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How female social conditioning leads to burnout

There has been a lot of talk about physician burnout over the past few years, and as an occupational medicine physician, I’m happy to see that conversation is taking place. For too long, we just saw burnout as an acceptable hazard that just comes with the job.

But it’s become clear to me that there’s a big missing piece in the discussion of burnout — particularly when we try to answer why women physicians are more burned out than men.

In my opinion, the deeper driving force behind the stats is female social conditioning.

Women have been conditioned to think (and feel) about themselves in ways that lead to burnout.

Here are three common thoughts I see routinely in my coaching practice:

“I’m not good enough.” (Imposter syndrome.)

“I have to do it right.” (Perfectionism.)

“I have to make everyone happy.” (People-pleasing.)

“I’m not good enough.”

Imposter syndrome was first described by Dr. Suzanne Imes and Dr. Pauline Rose Clance in the 1970s. It’s when you doubt your abilities and feel like a fraud. Or you don’t think you’re as competent as you should be or as other people think you are. So the result of feeling like an imposter is you work harder to prove to yourself and to others that you deserve to be where you are.

“I have to do it right.”

Perfectionism is when you feel the need to be — or at least appear — perfect to others. You often think there’s a “right” way to do things and hold yourself to that standard. You also place high (and often unrealistic) standards on other people, including your spouse, friends, colleagues, and even patients. Perfectionism is rooted in a fear of disapproval from others and may stem from childhood trauma or rigid, critical caregivers.

“I have to make everyone happy.”

People-pleasing happens when you shape-shift to become whoever other people need you to be at any moment to make them happy. You feel overly responsible for things that aren’t your responsibility while ignoring your needs. You have a strong need to be liked and accepted because you’re afraid of not being part of the tribe. Your value is often tied to how others see you. People pleasing is a trauma response known as fawning, and it’s typically rooted in trying to earn love and approval (aka safety) from an unavailable caregiver, teacher, or other authority figures in the past.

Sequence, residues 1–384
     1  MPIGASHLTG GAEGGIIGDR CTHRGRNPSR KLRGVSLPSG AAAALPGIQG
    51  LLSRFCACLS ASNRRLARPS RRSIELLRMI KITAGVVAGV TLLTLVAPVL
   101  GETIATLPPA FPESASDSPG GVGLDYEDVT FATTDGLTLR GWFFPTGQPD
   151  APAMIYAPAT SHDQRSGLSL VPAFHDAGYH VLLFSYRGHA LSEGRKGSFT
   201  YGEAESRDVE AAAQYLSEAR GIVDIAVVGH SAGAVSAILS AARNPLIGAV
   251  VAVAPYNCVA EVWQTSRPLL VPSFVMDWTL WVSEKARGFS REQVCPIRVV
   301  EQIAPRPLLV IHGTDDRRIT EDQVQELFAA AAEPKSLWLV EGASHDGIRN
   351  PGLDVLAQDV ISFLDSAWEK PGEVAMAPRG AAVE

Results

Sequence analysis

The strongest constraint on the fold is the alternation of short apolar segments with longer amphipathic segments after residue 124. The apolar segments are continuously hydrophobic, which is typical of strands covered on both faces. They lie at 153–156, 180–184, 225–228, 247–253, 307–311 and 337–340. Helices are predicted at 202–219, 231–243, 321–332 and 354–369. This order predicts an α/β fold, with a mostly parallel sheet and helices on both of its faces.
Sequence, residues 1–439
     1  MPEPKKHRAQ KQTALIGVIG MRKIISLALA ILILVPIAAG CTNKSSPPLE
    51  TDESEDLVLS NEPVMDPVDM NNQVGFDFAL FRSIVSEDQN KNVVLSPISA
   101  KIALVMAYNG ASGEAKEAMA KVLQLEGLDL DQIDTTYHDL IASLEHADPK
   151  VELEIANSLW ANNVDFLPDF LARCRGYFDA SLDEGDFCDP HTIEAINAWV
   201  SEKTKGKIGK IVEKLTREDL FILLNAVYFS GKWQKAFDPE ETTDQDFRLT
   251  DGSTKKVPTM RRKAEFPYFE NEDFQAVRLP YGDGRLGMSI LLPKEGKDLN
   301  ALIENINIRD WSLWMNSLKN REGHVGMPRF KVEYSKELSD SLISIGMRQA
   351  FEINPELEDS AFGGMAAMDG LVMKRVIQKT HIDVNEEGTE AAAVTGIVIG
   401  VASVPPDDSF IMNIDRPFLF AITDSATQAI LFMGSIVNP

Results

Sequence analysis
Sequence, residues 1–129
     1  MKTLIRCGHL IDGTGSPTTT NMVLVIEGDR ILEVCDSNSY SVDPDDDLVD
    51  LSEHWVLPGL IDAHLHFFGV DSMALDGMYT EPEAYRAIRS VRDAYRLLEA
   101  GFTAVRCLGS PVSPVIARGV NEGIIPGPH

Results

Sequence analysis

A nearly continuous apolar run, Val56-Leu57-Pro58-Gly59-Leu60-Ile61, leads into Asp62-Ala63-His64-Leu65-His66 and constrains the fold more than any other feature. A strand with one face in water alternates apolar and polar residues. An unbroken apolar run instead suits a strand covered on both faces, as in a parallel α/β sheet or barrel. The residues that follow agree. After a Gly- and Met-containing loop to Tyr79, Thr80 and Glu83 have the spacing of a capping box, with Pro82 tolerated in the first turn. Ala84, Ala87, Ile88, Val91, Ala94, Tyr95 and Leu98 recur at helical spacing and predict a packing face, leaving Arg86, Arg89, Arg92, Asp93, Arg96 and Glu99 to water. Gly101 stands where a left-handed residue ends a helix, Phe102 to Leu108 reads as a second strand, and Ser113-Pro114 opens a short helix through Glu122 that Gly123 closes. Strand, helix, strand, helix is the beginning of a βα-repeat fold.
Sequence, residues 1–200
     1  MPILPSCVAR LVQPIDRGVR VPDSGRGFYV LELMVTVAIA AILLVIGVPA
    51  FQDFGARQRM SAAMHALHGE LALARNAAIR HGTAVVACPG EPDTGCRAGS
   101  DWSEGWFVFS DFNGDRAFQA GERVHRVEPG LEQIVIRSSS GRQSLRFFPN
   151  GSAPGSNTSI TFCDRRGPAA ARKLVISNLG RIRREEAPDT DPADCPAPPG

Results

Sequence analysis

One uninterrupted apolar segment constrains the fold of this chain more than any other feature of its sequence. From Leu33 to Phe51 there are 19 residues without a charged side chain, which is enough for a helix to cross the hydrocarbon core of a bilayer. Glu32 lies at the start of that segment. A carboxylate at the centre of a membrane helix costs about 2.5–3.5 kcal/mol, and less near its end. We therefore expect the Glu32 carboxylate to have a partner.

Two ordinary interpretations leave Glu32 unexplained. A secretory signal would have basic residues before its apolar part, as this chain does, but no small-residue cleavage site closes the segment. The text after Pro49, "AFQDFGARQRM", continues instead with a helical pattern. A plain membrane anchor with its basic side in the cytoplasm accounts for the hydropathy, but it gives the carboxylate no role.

Can you relate?

Now the problem isn’t so much that we have these thoughts. The problem is that we actually believe them. We accept these thoughts as absolute truth. But we know the correlation between our thoughts, feelings, and actions (also known as the cognitive triad). Our thoughts cause us to feel a certain way, then we take action (or not) based on how we feel.

So can you see how these thoughts that come from female social conditioning are so insidious? They are essentially putting gasoline on the fire of burnout. They cause us to feel this constant pressure to perform, produce and prove ourselves. It keeps you stuck on the hamster wheel, over-giving, over-functioning, and overworking.

No wonder you’re burned out.

Here’s the truth: This mythical woman who we’ve been comparing ourselves to — who’s perfect, does everything right, and makes everyone happy — doesn’t exist. She’s a figment of the collective social imagination. So this is not a standard that women today need to hold themselves to.

I believe that when we let go of the struggle to fit into this ideal mold — and start accepting our perfectly imperfect selves instead — that’s when things start to shift.

This is why I always say the actual solution to burnout isn’t outside of you. It would be nice to have more time with patients, the most user-friendly EMR, ancillary support, etc. But having those things would only scratch the surface of addressing our burnout problem.

When we begin to actually think about ourselves in healthy ways, redefine success on our terms and work in ways that support our body’s natural energetic/hormonal cycles, then we’ll feel more empowered — and much less burned out.

Claudine Holt is an occupational medicine physician and life and embodiment coach.


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